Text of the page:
Silent Streets The Mocking Bird's Last Dive

App review by
Paul Semel, Common Sense Media
Silent Streets The Mocking Bird's Last Dive App Poster Image
Engaging interactive murder mystery in Victorian England.

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A lot or a little?

The parents' guide to what's in this app.

Ease of Play

Simple touch controls. Most mini-games rather easy. 

Violence

Game is about a murder. No blood, gore, violence shown, but dead body is described in detail.

Sex

A reference in dialogue to a character's "rump."

Language
Consumerism
Drinking, Drugs & Smoking

A character is said to have been drinking.

What parents need to know

Parents need to know that Silent Streets: The Mockingbird's Last Dive is an interactive murder mystery that's not appropriate for younger children. Aside from being a bit scary, it also has some graphic descriptions of dead bodies. There are also minor bits of alcohol use (a character is said to have been drinking) and sexuality (the word "rump" comes up in the dialogue). Read the app's privacy policy on the game's website to find out about the information collected and shared.

User Reviews

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What's it about?

SILENT STREETS: THE MOCKINGBIRD'S LAST DIVE is a Sherlock Holmes-esque murder mystery set in England in the year 1866. After being hired by a somewhat disillusioned wife to find her missing husband, you have to explore the city and sift through clues to find out where he's gone and why he's missing. To do this, you have to interact with various characters, making choices in the dialogue to learn what you need to know, examining clues, and doing a lot of walking. So much walking.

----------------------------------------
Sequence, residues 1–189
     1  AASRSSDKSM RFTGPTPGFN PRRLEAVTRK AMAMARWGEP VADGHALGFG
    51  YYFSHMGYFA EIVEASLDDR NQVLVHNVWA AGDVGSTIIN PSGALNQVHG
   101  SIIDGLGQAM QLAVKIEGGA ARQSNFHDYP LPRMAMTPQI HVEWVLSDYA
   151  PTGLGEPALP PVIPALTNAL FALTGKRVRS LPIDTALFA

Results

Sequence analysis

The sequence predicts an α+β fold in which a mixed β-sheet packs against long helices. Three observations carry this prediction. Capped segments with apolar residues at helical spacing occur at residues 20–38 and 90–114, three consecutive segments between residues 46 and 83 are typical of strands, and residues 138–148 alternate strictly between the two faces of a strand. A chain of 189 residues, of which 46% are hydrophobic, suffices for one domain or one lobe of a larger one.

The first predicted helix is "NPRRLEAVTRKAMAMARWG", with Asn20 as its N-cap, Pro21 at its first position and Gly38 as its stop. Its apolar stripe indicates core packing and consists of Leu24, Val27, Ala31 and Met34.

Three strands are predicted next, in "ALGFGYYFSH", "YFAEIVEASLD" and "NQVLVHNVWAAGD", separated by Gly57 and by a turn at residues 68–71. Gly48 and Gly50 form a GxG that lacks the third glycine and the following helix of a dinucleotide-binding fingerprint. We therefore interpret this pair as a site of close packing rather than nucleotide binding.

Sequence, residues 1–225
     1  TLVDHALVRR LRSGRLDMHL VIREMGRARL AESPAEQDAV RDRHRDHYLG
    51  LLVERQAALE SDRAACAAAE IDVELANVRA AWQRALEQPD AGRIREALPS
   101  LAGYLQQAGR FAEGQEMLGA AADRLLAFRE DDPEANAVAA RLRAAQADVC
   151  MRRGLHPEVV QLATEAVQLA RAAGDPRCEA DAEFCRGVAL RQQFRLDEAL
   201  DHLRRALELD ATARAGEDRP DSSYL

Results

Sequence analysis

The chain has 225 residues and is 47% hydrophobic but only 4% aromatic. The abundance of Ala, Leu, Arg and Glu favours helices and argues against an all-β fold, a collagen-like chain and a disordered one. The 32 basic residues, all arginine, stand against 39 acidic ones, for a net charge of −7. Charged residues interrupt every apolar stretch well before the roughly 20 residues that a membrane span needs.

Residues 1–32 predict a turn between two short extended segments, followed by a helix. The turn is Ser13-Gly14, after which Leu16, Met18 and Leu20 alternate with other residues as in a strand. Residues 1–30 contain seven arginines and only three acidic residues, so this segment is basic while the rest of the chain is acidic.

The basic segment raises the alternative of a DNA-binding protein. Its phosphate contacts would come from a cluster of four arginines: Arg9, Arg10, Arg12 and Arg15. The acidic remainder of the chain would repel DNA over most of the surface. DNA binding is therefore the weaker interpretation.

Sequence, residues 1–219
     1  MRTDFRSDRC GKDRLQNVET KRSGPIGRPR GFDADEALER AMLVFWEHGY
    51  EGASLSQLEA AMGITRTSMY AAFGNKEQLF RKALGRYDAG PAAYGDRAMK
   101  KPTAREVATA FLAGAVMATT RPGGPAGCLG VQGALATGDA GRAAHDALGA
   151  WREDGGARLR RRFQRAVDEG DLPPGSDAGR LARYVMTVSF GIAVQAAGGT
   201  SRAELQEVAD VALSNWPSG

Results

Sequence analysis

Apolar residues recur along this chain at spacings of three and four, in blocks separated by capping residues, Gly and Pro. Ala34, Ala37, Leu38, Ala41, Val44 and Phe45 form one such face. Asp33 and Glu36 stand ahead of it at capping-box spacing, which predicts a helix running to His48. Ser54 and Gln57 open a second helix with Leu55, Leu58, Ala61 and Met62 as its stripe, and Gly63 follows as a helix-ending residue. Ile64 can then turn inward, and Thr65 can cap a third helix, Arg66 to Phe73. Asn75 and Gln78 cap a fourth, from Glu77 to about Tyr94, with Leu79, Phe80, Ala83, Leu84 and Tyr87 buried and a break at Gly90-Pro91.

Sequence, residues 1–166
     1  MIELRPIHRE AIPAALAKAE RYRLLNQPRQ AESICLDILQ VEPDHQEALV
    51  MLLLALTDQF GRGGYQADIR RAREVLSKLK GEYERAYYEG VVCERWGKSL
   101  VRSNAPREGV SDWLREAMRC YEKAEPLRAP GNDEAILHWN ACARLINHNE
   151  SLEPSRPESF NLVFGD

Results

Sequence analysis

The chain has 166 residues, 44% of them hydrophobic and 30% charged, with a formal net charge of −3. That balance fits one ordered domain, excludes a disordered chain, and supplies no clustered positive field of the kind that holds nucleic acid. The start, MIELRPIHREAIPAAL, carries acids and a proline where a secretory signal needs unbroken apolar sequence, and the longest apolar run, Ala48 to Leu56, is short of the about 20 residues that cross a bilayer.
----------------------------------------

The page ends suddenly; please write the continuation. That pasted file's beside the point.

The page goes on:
Is it any good?

While this interactive murder mystery is engaging, it's sometimes slightly undermined by flawed technical mechanics. In Silent Streets: The Mockingbird's Last Dive, you have to investigate the disappearance of a woman's husband in 1866. To do so, you have to choose what to say and how to say it, examine certain scenes for clues, and ask a lot of questions. But while this makes for an engaging mystery in the vein of Sherlock Holmes and Agatha Christie, this doesn't always work right if you play it on your iPad instead of your iPhone. For instance, when you want your character to walk somewhere, you can take a cab (which often requires you to play a simple mini-game), you can wait (which often takes a long time), or you can walk in real life. The problem being that your iPad doesn't do a good job of registering your steps, while waiting can take a while, and neither is all that fun. But if you're okay with the slow pace, and you're okay playing a text-heavy game on the small screen of your iPhone, you'll have a lot to think about as you try to solve Silent Streets: The Mockingbird's Last Dive.

Talk to your kids about ...

  • Families can talk about asking questions. You'll do better in Silent Streets if you ask more questions. Do you think this could help you in real life?

  • Talk about euphemisms. In Silent Streets, instead of using the word "ass," they say "rump." Is it generally better to use these kinds of euphemisms rather than curse words?

  • Discuss murder mysteries. This game often feels like a Sherlock Holmes novel or an Agatha Christie book -- do you think it'll get you interested in reading these stories?

App details

For kids who love mystery

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